C5 practitioners insist that—even as Paul argued tirelessly with Judaizers that Gentiles don’t have to convert to Judaism to follow Jesus—Muslims don’t have to convert to “Christianity” to follow Jesus. C5 believers surely are genuine disciples of Jesus (Acts 15:8,11), but they do not desire to align themselves with what they perceive as that godless Western institution called “Christianity,” where (from a Muslim perspective) homosexuals enter the clergy, immodest women worship in scantily clad summer dresses, and people put their Holy Scriptures on the floor right next to their dirty shoes.
C5 workers point out that Jesus commanded us to make disciples, not converts. If Muslims drawn to Jesus commit to obey all his commands, bearing witness that Jesus is the only mediator between God and man and that only his death on the cross can pay the price for man’s sin, what does it matter what they call themselves?
Opponents of C5 will argue, “To call themselves ‘Muslim’ means they adhere to certain Islamic beliefs that flatly contradict Scripture!”
C5 practitioners respond, “That sounds like the same argument Judaizers used against Paul, since Gentiles were well known by all Jews to be unclean, uncircumcised, and mostly sexually immoral idolaters. ‘How is it possible,’ Judaizers must have asked Paul, ‘to be both Gentile and a follower of Jesus? The two terms are mutually exclusive!’ And yet we find this phrase, ‘Gentile believers’ twice in the book of Acts—which must have been quite disturbing to the Judaizers, many of whom no doubt loved the Lord Jesus deeply.
“But,” opponents of C5 contend, “to remain a Gentile follower of Jesus is different than remaining a Muslim follower of Jesus, since being Gentile is an issue of ethnicity, not adherence to a false religion.” C5 practitioners respond, “Tell that to Peter, who, though he may not have been able to point at a religious body of literature claiming to describe ‘Gentileism,’ nor an order of priests claiming to represent the offices of ‘Gentileism’, believed he’d be polluted from entering a God-fearing Gentile’s home. So while ‘Gentileism’ may not have been a cohesive religious institution per se, being Gentile surely carried implications of religious consequence, deeply ingrained in the psyche of every Jew and Judaizer who objected to their inclusion in the church without first converting to Judaism.”
CHIRSTIAN BACKGROUND VS. MUSLIM BACKGROUND
Every C5 worker I know sees a huge difference between someone from a Christian background taking a C5 identity and someone from a Muslim background becoming a C5 believer. In fact, one pro-C5 team I know has a countrywide policy diallowing anyone from a Christian background from becoming C5; their identity can go no further than C4. If someone from a Christian background goes around calling himself a Muslim, all they’ll do (according to popular C5 opinion) is either look like a total phony, or mislead Muslims into thinking they converted to Islam. So when I use the term “C5 believer,” I am always referring to those who were raised Muslim by a Muslim family. This distinction becomes even more significant when considering the question of deceit in a C5 approach.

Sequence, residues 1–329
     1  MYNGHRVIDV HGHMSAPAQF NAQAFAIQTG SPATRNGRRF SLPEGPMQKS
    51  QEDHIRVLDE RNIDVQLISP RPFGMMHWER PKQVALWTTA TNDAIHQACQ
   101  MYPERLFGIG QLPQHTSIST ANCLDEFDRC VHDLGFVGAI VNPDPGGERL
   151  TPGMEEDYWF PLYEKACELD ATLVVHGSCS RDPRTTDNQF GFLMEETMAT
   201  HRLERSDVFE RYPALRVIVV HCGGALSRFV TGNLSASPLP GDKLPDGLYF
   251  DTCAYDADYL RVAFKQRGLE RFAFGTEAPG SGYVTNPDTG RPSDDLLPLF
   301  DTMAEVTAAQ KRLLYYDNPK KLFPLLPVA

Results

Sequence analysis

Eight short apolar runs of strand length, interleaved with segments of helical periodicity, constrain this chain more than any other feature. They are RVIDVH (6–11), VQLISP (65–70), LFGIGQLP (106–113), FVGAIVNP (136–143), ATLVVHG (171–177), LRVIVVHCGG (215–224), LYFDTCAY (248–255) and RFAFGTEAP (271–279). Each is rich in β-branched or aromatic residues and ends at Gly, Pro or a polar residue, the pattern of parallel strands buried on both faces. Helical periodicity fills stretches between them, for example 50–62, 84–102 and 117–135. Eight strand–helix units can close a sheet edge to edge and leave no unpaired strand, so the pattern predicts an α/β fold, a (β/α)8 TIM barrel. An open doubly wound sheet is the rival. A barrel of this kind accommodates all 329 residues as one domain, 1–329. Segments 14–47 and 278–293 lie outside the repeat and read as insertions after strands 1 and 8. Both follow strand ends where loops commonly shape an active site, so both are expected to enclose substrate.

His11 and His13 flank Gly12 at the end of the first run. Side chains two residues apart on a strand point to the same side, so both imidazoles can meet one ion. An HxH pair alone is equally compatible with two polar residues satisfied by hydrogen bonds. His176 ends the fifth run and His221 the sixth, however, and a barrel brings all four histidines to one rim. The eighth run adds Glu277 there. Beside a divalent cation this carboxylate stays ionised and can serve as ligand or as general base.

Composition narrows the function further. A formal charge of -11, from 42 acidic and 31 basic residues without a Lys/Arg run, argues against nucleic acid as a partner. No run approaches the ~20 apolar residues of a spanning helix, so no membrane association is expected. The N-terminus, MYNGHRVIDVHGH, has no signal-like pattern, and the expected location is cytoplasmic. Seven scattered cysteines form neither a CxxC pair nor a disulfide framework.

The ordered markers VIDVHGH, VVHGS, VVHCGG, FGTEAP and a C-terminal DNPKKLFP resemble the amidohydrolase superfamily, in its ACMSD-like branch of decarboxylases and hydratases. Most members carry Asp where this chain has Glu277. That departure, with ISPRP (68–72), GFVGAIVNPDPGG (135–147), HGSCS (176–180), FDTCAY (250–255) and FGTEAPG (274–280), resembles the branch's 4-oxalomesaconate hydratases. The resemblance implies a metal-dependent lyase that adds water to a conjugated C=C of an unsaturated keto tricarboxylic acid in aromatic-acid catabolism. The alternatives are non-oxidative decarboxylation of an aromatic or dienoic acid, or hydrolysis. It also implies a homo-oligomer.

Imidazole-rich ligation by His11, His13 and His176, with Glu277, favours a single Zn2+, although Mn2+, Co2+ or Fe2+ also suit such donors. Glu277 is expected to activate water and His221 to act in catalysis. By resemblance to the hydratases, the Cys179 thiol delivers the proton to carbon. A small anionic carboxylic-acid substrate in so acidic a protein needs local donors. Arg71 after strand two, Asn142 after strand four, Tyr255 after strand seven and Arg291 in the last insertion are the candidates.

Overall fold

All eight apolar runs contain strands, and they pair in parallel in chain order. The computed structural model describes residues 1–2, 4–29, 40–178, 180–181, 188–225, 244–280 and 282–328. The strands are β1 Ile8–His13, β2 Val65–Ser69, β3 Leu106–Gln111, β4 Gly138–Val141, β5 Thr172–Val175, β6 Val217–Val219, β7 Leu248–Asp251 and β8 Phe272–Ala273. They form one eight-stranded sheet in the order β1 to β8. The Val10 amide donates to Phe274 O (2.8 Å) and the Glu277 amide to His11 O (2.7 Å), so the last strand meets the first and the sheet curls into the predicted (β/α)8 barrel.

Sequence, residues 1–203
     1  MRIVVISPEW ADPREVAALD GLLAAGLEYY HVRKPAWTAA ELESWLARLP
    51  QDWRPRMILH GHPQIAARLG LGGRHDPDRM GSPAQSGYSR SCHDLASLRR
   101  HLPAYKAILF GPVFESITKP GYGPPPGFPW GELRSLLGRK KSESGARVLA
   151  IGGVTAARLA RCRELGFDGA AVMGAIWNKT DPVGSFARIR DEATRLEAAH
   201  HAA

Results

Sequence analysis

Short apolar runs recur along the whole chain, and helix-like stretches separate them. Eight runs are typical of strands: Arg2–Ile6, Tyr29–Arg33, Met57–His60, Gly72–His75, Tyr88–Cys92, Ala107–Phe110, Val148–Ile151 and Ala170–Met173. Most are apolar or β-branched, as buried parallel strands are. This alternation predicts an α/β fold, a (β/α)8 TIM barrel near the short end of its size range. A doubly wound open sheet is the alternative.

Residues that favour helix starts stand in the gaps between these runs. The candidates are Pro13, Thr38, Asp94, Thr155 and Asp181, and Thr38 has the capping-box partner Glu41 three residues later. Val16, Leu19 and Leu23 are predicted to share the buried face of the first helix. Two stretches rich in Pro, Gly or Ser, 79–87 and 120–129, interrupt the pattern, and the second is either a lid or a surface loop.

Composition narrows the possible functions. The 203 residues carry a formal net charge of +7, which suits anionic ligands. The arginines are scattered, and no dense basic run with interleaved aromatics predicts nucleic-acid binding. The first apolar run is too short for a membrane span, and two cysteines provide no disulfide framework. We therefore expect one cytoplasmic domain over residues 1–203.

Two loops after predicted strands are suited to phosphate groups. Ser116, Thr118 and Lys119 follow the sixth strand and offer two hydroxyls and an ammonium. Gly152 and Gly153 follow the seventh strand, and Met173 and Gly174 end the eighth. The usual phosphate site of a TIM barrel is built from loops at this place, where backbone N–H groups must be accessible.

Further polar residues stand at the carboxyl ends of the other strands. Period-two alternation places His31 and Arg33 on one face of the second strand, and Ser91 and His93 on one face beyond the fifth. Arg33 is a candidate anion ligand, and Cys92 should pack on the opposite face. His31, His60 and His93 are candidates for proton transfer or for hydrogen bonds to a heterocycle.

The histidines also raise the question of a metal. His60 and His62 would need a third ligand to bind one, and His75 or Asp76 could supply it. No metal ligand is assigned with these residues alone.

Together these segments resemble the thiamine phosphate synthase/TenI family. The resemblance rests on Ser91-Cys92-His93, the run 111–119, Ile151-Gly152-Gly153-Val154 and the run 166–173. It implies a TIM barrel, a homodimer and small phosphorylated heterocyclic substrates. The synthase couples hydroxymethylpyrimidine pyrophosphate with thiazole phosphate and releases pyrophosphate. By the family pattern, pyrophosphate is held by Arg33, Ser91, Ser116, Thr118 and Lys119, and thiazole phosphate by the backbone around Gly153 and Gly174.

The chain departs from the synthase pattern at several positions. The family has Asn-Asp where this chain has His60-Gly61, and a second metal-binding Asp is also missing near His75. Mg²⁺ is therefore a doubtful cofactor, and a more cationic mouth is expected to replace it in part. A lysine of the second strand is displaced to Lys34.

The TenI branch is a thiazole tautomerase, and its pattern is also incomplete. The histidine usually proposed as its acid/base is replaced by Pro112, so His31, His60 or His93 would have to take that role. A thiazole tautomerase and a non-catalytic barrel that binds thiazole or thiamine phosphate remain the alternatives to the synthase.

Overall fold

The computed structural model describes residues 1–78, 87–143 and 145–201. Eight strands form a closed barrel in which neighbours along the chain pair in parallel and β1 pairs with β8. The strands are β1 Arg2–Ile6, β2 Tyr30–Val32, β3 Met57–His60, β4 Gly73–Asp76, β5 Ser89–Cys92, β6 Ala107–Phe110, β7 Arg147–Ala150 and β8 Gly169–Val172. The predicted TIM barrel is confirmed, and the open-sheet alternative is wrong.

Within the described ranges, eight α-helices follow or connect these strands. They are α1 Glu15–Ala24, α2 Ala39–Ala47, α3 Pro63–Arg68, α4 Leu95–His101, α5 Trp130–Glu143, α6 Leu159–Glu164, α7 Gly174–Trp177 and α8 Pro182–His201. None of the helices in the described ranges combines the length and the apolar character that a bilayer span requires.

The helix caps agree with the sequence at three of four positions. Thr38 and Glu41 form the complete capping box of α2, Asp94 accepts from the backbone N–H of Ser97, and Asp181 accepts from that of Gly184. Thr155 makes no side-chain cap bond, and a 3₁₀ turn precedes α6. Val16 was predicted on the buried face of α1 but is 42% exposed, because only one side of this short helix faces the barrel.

HONESTY IN C5 IDENTITY
While C1-4 workers may assert that following Jesus requires one to cease identifying themselves as “Muslim” in name, C5 workers believe identity is not solely based on one’s theological position. For example, C5 believers, or “Muslim followers of Jesus,” see themselves as far more “Muslim” than “Christian,” even though they disagree with the common Muslim belief that the Bible has been corrupted and Jesus was not crucified. How can they possibly see themselves as more Muslim than Christian in spite of these theological differences?
To answer this question, we must first ask, “Whom do they see as ‘Christian’?” In parts of the world where significant numbers of C5 believers exist, they are mostly looking at C1-2 believers. When C5 believers compare themselves to C1-2 Christians, they say, “I don’t pray like a Christian, unwashed in a pew with my shoes on; I pray like a Muslim.
I don’t dress like a Christian, with Western pants and collared shirts; I dress like a Muslim. I don’t talk like a Christian, with all their strange terms to describe God and his prophets; I talk like a Muslim. I don’t eat like a Christian, consuming pork chops and haram meats (i.e. from animals not butchered in the “kosher” way); I prefer halal meats, like a Muslim. I don’t have a Christian name, like John, Tom, or Paul. I have a Muslim name.
Thus, C5 believers are being entirely honest when they identify themselves as “Muslim” followers of Jesus.
C6 INDICATES FAITH NOT YET MADE PUBLIC
While C6 accurately describes a certain Christ-centered community of believers, it doesn’t fit well on this spectrum in other respects, particularly in the area of context-ualization and self-definition. For throughout C1-5, we can see a progression in contextual “friendliness” with a Muslim’s culture, Islamic forms, and even Muslim identity. But any sense of contextual progression ends at C5, for the defining factor of C6 is whether or not a believer’s faith in Jesus is made public. C6 believers surely practice a wide range of self-definition, and if we ask them how they think their countrymen would best be reached with the gospel, we would surely hear a variety of replies all along the C1-5 spectrum.
CHRISTIAN RESPONSE TO GOD’S DIVERSE APPROACHES
I see two common responses to God’s unpredictable approaches in drawing Muslims to Christ.
1. Accuse brothers up the spectrum of compromise, syncretism, and heresy. We should never gloss over the genuine concerns of our brothers who sense significant dangers in a C4-C5 approach. But some, instead of praying for the protection and fruitful labors of those involved in C4-C5, judge them as having crossed from context-ualization into syncretism. Some in turn spread their opinions of heresy to others and engage in what we could call “missiological gossip.” To be fair, they don’t see it as gossip at all, but as alerting God’s people to the sloppy doctrine of compromising saints.